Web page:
The last time the Knicks ventured across the border into Toronto, RJ Barrett had about 1,000 guests for whom he had been given tickets and infiltrated the Scotiabank Arena. On Sunday afternoon, there was a spectator limit of 1,000 for the entire arena, with the Raptors limiting it to just a handful of friends and family.
It was not the number of fans that worried Tom Thibodeau, the Knicks coach focused instead on the number of players he had available. The Knicks arrived and were missing a trio of starters, three of their centers and their primary playmakers, as the NBA’s health and safety protocols along with cumbersome injuries reduced the team to a skeletal team.
Blaming the absence of players or fans, however, would not do justice to what the Knicks laid out on the floor, which was hardly the kind of effort that would appease the coach as they were beaten solidly by the Raptors, 120-105.
The loss dropped the Knicks behind Toronto in the Eastern Conference standings as they fell to 17-20 and into an 11th place finish. This was a fight from start to finish as the Knicks needed to perform their best with Julius Randle, Kemba Walker and Mitchell Robinson among the absent pieces and were instead sloppy and challenged by Toronto.
The loss was the second in a row for the Knicks since they lost Randle to health and safety records, and in both games, his absence may have shown his value to the team more than anything else he has done since playing this season. Although he has not performed up to the level he did last season, without him, the Knicks have looked lost offensively and the defense was abysmal.
The Knicks had to play small without Randle, Robinson and Nerlen’s Noel, but the hope that it would speed up their game came to naught as the Raptors, who also played small, ran past them and through them.
The Raptors hit their first five shots before finally missing, and just minutes inside they had built up a double-digit lead. The Knicks briefly closed the distance to just three at the end of the first quarter, but Toronto started the second quarter with six straight points, leading to a couple of timeouts from Thibodeau in the first 2:55. He could not slow down the attack through as the Knicks made nine turnovers in the second quarter while conceding just five field goals.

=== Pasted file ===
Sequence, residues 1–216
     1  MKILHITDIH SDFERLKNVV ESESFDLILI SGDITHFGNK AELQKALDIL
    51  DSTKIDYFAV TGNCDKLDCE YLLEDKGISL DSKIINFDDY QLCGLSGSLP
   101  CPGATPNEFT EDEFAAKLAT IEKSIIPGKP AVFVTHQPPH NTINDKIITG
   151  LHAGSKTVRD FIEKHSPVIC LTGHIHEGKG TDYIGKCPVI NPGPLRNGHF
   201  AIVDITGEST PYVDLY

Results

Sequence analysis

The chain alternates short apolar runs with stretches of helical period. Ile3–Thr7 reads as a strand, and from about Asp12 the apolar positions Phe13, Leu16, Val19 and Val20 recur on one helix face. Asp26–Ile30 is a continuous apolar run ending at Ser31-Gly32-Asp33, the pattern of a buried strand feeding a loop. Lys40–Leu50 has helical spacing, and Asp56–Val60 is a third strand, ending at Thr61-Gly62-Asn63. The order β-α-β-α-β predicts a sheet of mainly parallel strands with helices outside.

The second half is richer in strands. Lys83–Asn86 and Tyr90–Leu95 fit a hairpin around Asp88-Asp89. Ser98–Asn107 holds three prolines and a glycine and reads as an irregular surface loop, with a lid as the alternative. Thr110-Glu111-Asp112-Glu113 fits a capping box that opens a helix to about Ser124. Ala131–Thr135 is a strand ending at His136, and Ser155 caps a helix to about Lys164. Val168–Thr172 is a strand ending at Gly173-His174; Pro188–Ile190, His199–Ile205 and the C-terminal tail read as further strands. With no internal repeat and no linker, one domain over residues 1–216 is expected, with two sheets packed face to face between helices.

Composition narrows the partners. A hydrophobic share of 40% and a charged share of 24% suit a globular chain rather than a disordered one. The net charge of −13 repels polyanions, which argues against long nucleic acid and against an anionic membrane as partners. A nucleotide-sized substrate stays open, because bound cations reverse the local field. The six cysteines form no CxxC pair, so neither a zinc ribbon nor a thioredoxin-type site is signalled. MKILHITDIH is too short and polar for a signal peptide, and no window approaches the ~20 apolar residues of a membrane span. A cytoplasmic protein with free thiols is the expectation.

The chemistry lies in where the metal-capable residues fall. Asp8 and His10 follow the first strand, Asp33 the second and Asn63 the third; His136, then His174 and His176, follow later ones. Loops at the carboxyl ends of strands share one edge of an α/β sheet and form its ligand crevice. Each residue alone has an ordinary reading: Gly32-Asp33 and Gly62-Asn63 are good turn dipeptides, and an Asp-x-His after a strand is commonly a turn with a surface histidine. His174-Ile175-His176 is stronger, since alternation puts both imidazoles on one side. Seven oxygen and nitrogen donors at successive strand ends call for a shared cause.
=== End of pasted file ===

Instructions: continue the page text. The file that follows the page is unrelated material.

When the second half began, Thibodeau dropped the experiment of starting rookie Miles McBride on point guard – leaving him in favor of Alec Burks less than five minutes into the match, starting Burks in the third quarter. But just 31 seconds into the third, the Burks got their fourth foul, and the Knicks turned on Immanuel Quickley. Nothing stopped Toronto, however, as the lead stretched to as many as 24 in the quarter.
McBride, Burks and Quickley all took turns, but no one could stop Fred VanVleet, who brought in 35 points while sitting out in the fourth quarter. VanVleet scored 19 of those points in the Raptors’ 40-point third quarter.
The Raptors had also played shorthanded, but returned intact with their top eight rotation players available for the first time all season.
The Knicks got 19 points from Barrett, but he only had six in the first half when the game slipped away. Toppin also played better than in his starting debut on Friday, finishing with 19 points, matching his career-high in Toronto, just before he was placed in the COVID-19 protocols, and a career-high six assists.
Notes and quotes: Kemba Walker sat his second game in a row with a sore left knee, which had made him a late itch Friday. Thibodeau did not think it was related to playing back-to-back games earlier on the roadtrip. “I do not think so … it was something that happened in the warm-up line.”